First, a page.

After the emotionally draining events at the climax of Jaka's Story, we get this.. strange little book. Only twelve issues long, the shortest one so far, it tells two tales that only interact with each other for a couple of frames. We get Cerebus dealing with what he believes to be the death of Jaka, and the slow decline and death of Oscar Wilde. Not the Oscar character based on Oscar Wilde of Jaka's Story - he's in a Cirnist prison. No, it seems after enjoying writing Oscar in that book Dave Sim wanted to do more with him, and so simply put in the "real" Oscar Wilde as a character, but uses excerpts from the letters of Oscar Wilde's friend Robert Ross about Wilde's last days and death, instead of writing new material himself. Yes a peculiar choice which makes it a little difficult for me to write an awful lot about this volume, because over half of the text is not by Dave Sim. In later books, F.Scott Fitzgerald and Ernest Hemmingway play major roles, as of course Oscar did in the previous book and are incorporated into the action in ways that make heir usage justifiable. But here the Wilde portions of the book are far removed from the Cerebus parts, and give no insight into any ongoing characters nor do they even match a general theme. It's the first worrying sign of self-indulgence on the part of Dave Sim, and while collected in one volume it's a pleasant enough hour's read, this would have taken twelve months to complete reading on a monthly basis and I can't imagine how annoying that must have been for the comic's audience back then.
Melmoth: "One of the happiest of Cirin's many 'happy accidents' is complete freedom of expression. In a society where dissenting viewpoints are suppressed those viewpoints are potent and dangerous. Where dissent is tolerated, it rapidly becomes quaint and is viewed as unsophisticated. People merely amuse themselves with the expression of contrary opinion... Conformity then supplants awareness as the cornerstone of wisdom."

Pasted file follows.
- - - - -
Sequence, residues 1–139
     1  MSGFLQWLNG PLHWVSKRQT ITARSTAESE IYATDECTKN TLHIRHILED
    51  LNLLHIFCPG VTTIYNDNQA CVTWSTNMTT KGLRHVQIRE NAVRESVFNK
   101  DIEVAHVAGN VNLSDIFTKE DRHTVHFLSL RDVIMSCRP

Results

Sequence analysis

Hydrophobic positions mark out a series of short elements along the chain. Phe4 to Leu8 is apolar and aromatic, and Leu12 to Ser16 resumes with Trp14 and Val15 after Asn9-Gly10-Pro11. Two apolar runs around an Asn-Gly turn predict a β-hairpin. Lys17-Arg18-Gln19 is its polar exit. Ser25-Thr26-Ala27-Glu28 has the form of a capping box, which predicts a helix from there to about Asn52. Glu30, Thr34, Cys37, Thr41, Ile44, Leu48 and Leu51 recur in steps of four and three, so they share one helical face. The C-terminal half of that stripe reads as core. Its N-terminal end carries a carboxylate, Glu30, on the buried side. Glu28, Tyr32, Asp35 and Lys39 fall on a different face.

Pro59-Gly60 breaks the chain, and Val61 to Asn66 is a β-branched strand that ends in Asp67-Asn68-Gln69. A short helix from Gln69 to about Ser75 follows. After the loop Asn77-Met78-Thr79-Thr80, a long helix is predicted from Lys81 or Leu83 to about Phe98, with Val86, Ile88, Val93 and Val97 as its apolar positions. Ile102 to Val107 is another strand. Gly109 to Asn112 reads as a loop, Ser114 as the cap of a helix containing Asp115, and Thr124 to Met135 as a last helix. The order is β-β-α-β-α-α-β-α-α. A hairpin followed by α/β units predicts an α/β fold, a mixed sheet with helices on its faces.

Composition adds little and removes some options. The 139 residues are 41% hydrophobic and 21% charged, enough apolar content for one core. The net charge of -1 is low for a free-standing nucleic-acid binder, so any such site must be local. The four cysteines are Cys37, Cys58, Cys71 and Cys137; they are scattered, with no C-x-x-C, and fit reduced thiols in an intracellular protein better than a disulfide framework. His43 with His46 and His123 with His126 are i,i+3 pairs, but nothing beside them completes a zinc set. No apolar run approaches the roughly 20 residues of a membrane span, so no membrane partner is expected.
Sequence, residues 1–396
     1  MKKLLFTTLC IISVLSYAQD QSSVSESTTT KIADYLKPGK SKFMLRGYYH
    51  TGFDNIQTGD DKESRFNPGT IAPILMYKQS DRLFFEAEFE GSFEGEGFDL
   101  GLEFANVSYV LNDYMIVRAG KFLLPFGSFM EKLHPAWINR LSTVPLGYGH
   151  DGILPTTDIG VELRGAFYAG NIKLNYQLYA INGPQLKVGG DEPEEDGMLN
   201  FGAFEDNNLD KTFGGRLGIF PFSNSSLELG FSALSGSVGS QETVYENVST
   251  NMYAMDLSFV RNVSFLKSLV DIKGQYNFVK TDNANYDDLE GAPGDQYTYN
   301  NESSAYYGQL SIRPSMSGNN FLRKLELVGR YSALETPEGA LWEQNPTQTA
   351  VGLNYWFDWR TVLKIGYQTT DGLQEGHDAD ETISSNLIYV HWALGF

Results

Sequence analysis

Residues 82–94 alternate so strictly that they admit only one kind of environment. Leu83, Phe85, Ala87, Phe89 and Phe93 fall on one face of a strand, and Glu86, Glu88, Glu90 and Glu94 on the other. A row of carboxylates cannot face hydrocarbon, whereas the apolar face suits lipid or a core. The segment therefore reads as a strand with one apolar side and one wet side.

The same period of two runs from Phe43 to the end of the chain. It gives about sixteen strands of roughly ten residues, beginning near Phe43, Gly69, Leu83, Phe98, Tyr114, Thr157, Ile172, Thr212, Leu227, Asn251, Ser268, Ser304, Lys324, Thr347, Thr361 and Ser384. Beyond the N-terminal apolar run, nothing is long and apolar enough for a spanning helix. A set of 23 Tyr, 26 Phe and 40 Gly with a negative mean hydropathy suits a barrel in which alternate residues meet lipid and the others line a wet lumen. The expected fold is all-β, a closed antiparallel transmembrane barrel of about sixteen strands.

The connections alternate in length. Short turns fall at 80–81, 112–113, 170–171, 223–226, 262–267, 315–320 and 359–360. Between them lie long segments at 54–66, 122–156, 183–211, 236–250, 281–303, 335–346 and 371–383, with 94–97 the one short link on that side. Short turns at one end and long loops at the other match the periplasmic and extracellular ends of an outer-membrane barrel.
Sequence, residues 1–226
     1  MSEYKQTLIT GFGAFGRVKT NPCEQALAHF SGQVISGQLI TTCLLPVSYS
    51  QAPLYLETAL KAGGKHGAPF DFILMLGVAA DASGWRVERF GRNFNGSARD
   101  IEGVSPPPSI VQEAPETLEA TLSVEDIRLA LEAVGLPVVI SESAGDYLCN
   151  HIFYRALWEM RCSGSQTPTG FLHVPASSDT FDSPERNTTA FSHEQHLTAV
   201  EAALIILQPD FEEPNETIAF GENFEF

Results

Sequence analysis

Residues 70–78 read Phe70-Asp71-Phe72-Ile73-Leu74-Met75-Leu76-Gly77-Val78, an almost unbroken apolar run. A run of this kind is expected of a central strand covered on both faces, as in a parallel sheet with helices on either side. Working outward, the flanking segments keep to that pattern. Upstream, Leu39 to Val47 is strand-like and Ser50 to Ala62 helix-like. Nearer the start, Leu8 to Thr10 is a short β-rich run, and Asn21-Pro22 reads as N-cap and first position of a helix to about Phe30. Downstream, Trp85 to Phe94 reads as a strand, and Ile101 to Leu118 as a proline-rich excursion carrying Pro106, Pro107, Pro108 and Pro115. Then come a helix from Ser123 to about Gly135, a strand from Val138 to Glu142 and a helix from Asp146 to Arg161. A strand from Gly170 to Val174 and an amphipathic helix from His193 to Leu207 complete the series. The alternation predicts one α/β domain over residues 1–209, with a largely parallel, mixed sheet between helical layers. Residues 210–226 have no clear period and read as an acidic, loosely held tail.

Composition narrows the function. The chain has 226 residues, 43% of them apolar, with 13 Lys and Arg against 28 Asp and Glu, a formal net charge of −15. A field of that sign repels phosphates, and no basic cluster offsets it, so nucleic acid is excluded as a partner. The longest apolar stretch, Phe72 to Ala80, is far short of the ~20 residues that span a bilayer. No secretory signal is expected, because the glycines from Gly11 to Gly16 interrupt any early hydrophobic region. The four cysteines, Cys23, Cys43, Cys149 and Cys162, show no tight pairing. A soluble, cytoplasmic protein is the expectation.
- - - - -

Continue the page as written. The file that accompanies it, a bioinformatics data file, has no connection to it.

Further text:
|Melmoth and Robbie|
|The Unpleasant End Of Mr. Melmoth|
The Cerebus storyline is even more uneventful. Cerebus, completely shell-shocked after coming back to Pud Withers burnt out place to find Jaka gone, presumed dead, is shown blankly clutching the smoke blackened doll Missy while paying for room and board in another inn for the rest of his life. It was
|Pictured: Half Of The Book.|
Cerebus finally snaps out of it when he hears two Cirinist soldiers boasting of their mistreatment of Jaka while she was in jail. He cuts them down in a blind rage, then we get a flashback to his mercenary days talking with Bear about how the Cirinists seem telepathically connected:
Bear: "They're women yeah...but they're like giant waddayacall hornets, like if you hurt one of 'em anywhere within miles of the others they all waddayacall feel it and they, you know swarm."
|Women, Bees, So Easy To Get Those Two Confused...|
Before we wave goodbye to this, strange, slightly pointless, grotesquely padded, non-adventure it's worth highlighting a couple of things Dave Sim says in the notes at the end of the book.
Dave Sim: "While I am not specifically a church goer, nor affiliated with any denomination or system of belief, I have appropriate respect for the Church of Rome and it's attendent Power and Mystery".
Dave Sim: "I could find no workable equivalent for 'jew' (sic) and didn't want a deluge of mail questioning the existence of Judaism in ancient Estarcion."
Remember these words, they'll be a test later on. Next up, the beginning of the "Mothers And Daughters" four book arc, and also the start of Dave Sim's swimming into more contentious waters. Oh it'll be such fun to talk about. But first, another guest appearence...